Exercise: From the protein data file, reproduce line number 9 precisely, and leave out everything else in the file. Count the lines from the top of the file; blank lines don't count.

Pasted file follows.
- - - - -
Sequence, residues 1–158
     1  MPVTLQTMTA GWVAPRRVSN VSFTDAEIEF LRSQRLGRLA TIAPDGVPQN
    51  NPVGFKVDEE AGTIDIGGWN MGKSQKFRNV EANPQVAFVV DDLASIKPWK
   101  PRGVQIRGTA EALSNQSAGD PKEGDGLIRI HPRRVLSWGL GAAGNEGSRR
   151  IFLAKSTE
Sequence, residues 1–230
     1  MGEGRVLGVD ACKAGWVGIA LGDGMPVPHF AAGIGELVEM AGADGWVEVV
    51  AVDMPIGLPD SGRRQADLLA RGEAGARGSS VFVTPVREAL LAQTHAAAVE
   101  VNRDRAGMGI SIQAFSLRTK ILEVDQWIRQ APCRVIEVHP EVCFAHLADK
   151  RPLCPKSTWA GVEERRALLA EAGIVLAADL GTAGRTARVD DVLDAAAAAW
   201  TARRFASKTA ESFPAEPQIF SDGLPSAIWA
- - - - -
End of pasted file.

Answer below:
   101  VNRDRAGMGI SIQAFSLRTK ILEVDQWIRQ APCRVIEVHP EVCFAHLADK